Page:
Skip to comments.THe Secular Right
Posted on 08/29/2006 6:51:14 AM PDT by headsonpikes
We all know the basic alternatives that form the familiar "spectrum" of American politics and culture.
If a young person is turned off by religion or attracted by the achievements of science, and he wants to embrace a secular outlook, he is told--by both sides of the debate--that his place is with the collectivists and social subjectivists of the left. On the other hand, if he admires the free market and wants America to have a bold, independent national defense, then he is told--again, by both sides--that his natural home is with the religious right.
But what if all of this is terribly wrong? What if it's possible to hold some of the key convictions associated with the right, being pro-free-market and supporting the war, and even to do so more strongly and consistently than most on the right--but still to be secular? What if it's possible to reject the socialism subjectivism of the left and believe in the importance of morality, but without believing in God? ....
(Excerpt) Read more at realclearpolitics.com ...
Very interesting...read the whole thing.
One of the most common misconceptions about the Right by people who are not on the right is that all Republicans and conservatives are super religious and use the Bible for daily reference. I'd have to say that a great percentage of Republicans, like my wife and I, are non-religious but have great respect for those who are. Neither of us are atheists, but we don't go to church or pray. Still I give to The Salvation Army, don't mind religious symbols in public places, like to sing spirituals for fun, love Christmas, and don't mind being called a Christian. That doesn't necessarily make me a good one, but I don't mind being called one.
Interesting article. I still say my prayers but the facts are, there are millions of people just in this country:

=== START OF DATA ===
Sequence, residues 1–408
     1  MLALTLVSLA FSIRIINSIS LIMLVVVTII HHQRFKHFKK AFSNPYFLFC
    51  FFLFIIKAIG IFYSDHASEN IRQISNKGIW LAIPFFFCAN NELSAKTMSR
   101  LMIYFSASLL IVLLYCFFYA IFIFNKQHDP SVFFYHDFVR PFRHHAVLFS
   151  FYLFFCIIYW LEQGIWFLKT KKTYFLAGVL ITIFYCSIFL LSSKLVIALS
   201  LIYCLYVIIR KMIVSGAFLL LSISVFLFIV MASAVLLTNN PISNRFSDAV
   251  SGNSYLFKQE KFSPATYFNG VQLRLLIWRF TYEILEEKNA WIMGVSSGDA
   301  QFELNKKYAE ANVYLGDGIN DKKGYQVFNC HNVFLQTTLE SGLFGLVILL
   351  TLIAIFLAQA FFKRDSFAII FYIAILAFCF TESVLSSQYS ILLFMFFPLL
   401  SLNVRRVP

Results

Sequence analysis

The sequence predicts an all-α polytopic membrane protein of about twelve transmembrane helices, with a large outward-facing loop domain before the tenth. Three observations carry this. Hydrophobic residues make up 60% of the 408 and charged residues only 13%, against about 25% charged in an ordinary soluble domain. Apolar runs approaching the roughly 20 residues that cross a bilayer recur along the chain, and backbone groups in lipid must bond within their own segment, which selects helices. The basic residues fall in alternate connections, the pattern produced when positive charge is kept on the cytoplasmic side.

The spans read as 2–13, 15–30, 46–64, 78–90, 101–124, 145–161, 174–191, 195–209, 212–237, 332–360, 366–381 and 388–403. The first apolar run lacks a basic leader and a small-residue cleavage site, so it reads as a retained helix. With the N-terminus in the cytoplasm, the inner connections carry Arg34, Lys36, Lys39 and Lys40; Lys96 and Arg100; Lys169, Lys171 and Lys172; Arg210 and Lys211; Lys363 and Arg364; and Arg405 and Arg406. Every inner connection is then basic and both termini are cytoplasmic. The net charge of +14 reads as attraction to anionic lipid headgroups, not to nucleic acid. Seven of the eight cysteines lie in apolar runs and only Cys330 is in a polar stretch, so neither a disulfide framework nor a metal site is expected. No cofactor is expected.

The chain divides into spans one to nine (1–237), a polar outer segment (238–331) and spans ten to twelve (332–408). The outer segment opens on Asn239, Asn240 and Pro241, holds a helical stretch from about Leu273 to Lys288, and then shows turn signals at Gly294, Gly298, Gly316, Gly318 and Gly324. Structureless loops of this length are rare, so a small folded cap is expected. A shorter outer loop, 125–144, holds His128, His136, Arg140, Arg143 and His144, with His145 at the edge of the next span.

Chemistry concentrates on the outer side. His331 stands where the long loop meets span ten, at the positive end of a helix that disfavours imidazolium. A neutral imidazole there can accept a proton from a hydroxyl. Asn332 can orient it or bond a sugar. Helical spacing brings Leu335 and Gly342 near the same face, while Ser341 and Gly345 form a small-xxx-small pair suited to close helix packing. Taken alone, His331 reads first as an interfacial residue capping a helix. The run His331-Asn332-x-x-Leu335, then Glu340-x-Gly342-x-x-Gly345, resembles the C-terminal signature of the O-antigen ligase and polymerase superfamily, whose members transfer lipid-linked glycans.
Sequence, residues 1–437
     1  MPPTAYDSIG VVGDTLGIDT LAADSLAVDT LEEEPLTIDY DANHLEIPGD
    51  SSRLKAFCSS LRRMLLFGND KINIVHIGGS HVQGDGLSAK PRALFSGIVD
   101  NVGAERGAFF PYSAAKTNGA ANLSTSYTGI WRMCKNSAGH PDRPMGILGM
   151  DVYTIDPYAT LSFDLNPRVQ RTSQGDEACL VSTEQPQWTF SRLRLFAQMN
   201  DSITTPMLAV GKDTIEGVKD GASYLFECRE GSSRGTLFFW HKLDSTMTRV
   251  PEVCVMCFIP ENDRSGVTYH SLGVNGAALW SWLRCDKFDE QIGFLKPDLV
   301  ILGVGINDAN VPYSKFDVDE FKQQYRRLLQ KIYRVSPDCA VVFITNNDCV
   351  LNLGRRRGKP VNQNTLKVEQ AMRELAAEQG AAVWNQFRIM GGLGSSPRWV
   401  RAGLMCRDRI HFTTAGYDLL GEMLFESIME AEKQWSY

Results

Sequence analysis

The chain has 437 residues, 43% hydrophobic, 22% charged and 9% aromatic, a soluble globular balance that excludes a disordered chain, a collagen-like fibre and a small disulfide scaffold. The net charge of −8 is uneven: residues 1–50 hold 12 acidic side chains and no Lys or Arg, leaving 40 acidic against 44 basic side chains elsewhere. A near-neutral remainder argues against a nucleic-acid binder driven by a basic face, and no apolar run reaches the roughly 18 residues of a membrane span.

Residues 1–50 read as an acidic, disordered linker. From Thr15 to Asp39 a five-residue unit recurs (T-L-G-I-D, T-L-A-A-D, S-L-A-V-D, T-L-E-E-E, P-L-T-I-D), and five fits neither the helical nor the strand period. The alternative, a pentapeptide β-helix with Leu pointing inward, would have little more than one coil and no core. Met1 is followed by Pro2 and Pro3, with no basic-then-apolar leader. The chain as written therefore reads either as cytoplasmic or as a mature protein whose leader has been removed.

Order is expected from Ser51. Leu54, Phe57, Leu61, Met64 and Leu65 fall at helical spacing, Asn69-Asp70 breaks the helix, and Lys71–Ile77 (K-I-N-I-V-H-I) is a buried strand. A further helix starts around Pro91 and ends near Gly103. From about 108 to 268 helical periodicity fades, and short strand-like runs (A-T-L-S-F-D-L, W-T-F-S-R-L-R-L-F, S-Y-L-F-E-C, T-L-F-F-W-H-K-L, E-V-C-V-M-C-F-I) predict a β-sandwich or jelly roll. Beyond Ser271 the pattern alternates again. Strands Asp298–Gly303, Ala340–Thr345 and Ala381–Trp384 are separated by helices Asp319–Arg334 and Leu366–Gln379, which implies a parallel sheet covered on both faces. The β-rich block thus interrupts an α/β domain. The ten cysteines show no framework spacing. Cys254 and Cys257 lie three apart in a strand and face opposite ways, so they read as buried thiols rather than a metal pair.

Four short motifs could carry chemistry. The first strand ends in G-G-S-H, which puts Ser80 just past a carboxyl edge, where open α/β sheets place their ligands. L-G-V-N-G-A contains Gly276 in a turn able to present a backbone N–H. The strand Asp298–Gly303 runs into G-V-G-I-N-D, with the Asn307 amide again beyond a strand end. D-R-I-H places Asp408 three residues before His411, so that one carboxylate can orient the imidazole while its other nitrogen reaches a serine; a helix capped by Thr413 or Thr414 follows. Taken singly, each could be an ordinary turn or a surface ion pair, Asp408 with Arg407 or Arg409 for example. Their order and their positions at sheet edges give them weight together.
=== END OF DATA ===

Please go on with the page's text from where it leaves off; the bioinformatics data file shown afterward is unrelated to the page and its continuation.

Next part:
who believe that they are right:
and that everyone else is going to:
I'm pretty much the same way. I was Catholic born and bred (12 years of Catholic school!) and while I go to church regularly and my religion gives me uncomprehendable solace, I don't feel the need to aggressively "pitch" my religion to others, or mix my faith in politics. People ask what gives me peace, I tell them. But I don't foist it on them.
It's true that many good ideas have in their basis a religious tradition and teaching, but many big ones don't-- like democracy. The bible tends to dwell on the mechanics of autocratic rule. But it's like this, "When I was a child, I reasoned as a child." 200 years ago, our forefathers thought of a better way, went beyond the surface of how the bible says we should conduct ourselves, and thought beyond spiritual childhood-- a childhood where we should be told every minute what we should do, and there's no questioning.
That's how I see it, anyway.
There are those in the Middle East stuck in "spiritual childhood" who wish to blow us up or convert us, or both. They're dangerous. They're worth fighting, because they're made it obvious that they're not going to listen. It's one of the sad burden of our times. A sad, but necessary burden.
This is a false choice between "religion" and "science." If we had a perfect understanding of the meaning of God's Word and a perfect understanding of the physical universe, there would be no contradiction between the two.
Christians have led the way in many of the most important discoveries in science. Christians would do well to remember that "we see through a glass darkly" on this side and hubristic atheistic scientists would do well to remember that if the history of science teaches anything, it is that whatever the scientific theories du jour are, they will not be the last word on the subject.
But to derive a secular morality, we need more than narrow conclusions drawn from sociological studies. We need broad philosophical principles drawn from the grand lessons of history.
The notion of "secular morality" is a contradiction in terms. Morality is based on distinctions between right and wrong. It is impossible for atheistic philosophy to make anything but relative assertions when it comes to right and wrong.
In the final analysis, all of the laws and morality of our civilization are ultimately founded on Judeo-Christian beliefs. The belief that all human life is worthy is based on God's word that we are all created in the image of God and that the human race is of one blood.
There is nothing in, for example, atheistic evolutionary theory that compels the principle that the life of all human beings should be respected.
Calling on philosophers to create a new morality to replace Judeo-Christian beliefs is exactly what Nietzsche did.